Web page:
By Marco Giovanetti
One of the fun aspects of wine drinking is the chance to drink older vintages. It happens to me that every time I drink an aged bottle of wine, I take a trip down memory lane. What does it mean? Basically, nostalgia invades my body. I start thinking what I was doing that specific year. Did something positive happened to me?. Was I studying or working? These are some of the questions that I reflect upon as I sip my wine glass.
I also like to think about the history of the specific wine purchase. For instance, some of my prized wine bottles in my cellar were given to me as gifts from my loved ones. I remember in my early thirties, my wife gave me a bottle of Solaia 2007 for my birthday and a Ornellaia 2007 later as well for Christmas. When I was an undergraduate student at Concordia, broke as a kite, recall fondly the feeling of proudness of acquiring my first bottle of Sassicaia 1997.
An aged bottle of wine can also give you a picture on what direction it is evolving. Aged liked a fine wine,” is a popular saying, but not all wine gets better with age, and the best wines aren’t all old. Wine is a living thing and does not attain immortality like some people would like to think.
The point of aging wine in bottle is that it can develop complexity of aromas, flavours, and change in texture in a way that can’t be imitated with other drinks. This gives for a unique drinking experience that only you (and anyone lucky enough to share it with you) can experience at that moment in time with that bottle.
Hardcore wine collectors love to talk about their oldest prized treasures, and people who know little about wine often ask wine lovers what the oldest bottle of wine they’ve tasted. Some wine enthusiasts have an obsession with age, as if drinking a young wine is a big no-no, a social misstep that costs the wine snob brownie points.
One wine that usually pleases with age is Barolo, a fact of which I was reminded last week when I opened a bottle of Beni di Batasiolo Riserva Barolo 2008 ( SAQ # 11599231, $37.25). A beautiful nose in development displaying aromas of cherry, porcini mushrooms and Earl grey tea. Elegant with noble tannins and a everlasting finale. A magnificent 10 years old Barolo for the price of a song
Enjoying Nebbiolo is an exercise of patience for wine lovers. Tannic and alcoholic are in their youth, but with age they develop incredible aromas of violets and perfume, an array of supremely elegant complex nuances that have you searching in your mind for adjectives – leather, truffles, black olives, tar, licorice, wood smoke and much more besides. Those tannins allow the wines to age and improve for decades in great vintages.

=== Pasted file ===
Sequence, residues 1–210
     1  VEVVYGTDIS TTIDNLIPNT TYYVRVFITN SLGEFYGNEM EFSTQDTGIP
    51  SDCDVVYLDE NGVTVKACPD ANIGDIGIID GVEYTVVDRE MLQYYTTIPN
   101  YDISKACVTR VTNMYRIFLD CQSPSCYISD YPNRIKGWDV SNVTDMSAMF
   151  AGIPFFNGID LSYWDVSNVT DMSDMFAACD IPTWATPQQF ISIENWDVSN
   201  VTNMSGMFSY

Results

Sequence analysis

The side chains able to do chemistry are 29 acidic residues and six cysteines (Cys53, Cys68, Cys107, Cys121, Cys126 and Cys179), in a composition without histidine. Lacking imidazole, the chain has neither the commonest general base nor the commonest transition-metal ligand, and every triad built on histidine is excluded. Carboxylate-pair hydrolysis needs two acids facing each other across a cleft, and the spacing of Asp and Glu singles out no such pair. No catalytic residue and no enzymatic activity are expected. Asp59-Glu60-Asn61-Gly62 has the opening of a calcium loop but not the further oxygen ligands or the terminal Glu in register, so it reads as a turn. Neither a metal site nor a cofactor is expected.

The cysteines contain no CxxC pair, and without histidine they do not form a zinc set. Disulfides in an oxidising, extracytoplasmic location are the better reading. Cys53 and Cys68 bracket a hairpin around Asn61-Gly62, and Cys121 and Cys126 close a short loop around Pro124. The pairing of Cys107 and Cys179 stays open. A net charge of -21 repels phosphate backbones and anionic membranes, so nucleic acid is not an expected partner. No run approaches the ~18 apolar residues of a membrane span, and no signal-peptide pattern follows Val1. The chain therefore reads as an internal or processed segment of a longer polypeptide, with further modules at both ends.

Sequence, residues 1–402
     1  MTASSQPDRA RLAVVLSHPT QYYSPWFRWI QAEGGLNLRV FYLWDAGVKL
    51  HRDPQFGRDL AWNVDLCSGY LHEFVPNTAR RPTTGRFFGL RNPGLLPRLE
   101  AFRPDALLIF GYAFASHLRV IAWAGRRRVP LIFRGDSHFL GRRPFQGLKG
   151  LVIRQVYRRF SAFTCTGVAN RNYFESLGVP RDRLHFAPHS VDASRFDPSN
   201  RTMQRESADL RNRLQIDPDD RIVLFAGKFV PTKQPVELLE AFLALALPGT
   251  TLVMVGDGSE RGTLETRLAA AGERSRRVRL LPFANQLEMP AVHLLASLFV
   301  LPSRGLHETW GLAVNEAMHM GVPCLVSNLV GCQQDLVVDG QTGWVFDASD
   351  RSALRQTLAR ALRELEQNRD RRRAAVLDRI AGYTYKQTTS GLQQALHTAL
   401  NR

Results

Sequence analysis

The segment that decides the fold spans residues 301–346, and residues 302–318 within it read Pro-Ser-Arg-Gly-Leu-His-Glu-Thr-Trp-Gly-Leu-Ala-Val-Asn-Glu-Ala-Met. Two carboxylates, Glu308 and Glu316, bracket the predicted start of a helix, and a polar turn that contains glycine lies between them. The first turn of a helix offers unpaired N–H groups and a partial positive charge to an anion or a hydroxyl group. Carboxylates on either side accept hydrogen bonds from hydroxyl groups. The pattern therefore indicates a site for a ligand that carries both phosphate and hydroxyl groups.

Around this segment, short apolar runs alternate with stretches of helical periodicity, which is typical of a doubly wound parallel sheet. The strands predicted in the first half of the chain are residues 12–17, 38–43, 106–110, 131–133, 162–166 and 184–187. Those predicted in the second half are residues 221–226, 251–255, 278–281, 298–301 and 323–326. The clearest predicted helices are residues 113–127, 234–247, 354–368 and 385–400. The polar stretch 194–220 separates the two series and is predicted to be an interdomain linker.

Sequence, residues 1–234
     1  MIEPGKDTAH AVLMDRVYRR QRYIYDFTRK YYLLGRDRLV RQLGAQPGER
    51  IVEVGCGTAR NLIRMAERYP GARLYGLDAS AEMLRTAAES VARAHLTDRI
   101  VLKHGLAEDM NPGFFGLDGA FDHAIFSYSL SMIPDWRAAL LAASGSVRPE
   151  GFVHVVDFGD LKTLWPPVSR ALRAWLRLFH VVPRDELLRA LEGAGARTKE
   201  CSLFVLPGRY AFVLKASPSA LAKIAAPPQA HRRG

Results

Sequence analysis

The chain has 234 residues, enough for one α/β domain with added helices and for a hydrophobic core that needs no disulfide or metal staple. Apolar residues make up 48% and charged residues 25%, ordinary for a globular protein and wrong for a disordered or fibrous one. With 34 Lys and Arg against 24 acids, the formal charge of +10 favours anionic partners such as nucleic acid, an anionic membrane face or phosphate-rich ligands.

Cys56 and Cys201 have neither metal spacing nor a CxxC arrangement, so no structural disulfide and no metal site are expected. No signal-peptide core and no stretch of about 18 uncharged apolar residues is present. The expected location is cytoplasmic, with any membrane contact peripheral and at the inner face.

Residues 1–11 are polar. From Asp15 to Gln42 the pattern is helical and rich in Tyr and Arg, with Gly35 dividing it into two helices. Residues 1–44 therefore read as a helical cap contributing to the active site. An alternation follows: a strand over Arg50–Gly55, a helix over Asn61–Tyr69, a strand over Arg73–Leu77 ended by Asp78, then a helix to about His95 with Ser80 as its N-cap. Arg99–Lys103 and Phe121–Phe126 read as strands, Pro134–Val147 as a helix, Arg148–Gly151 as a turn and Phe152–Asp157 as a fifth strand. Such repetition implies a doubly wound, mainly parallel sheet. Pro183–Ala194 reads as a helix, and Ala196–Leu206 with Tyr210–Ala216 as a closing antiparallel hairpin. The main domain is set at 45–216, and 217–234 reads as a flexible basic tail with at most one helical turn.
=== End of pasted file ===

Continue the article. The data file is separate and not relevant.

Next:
Because Nebbiolo is so tannic when young, it could be difficult to appreciate in its youth. It is recommended that you leave it to rest for 10, 15 or 20 years depending on vintage.A properly made and well-aged Barolo or its cousin, Barbaresco, are among the most consistently pleasurable old wines that you can enjoy.
Barale Fratelli, winner of Le Jugement de Montréal 2018
Speaking about Nebbiolo it almost slipped my mind to talk about the Langhe rosso 2016 from Barale Fratelli. This young rosso took the first spot on the $30 and less category at the prestigious panel tasting Le Jugement de Montréal 2018, organized by RASPIPAV
A panel of journalists, sommeliers and wine bloggers (myself included) were gathered September 26 at Toque restaurant to evaluate a selection of natural red wine divided into two categories: $30 and less and $30 and more. This is a great victory for Italian wine in Montreal considering that there are more than 16,000 private wine imports references in the Quebec Market.
Azienda Agricola Barale Fratelli
“Tannins are the fingerprint of Nebbiolo”
Barale Fratelli has been making wine in Piedmont for over a century. The Azienda takes pride in rescuing from extinction the Nebbiolo clones Michet and Rosé, from the historic Castellero vineyard.
The Barale Brothers Winery, (Azienda Agricola Fratelli Barale), was founded in 1870 when Francesco Barale began making Barolo and other wines typical of the Langa region. Francesco owned vineyards in several local areas, including Castellero, Costa di Rose, Preda and Bussia in Monforte, as can be illustrated on period maps. Sergio Barale, present owner and producer, carefully attends to every aspect of the cultivation of his 20 hectares of vineyards which are situated in some of the Langa’s most historically important hills.
I was captivated right away when I blind tasted this wine. Built on the traditional style of Piedmont winemaking, it was exquisite with well defined aromas of strawberries, fleur de sel caramel and licorice. On the palate, it was a quite elegant with a firm tannic expression. The Langhe Barale Fratelli is available privately via Bacchus 1976 ( http://bacchus76.com/) for the modest price of $29.48-case of 6. It might be enjoyed as well at the RASPIPAV private import wine festival ( http://www.raspipav.com/salonvip/salonvip.php) taking place from Oct 27th-Oct 29th in the Bonsecours Market.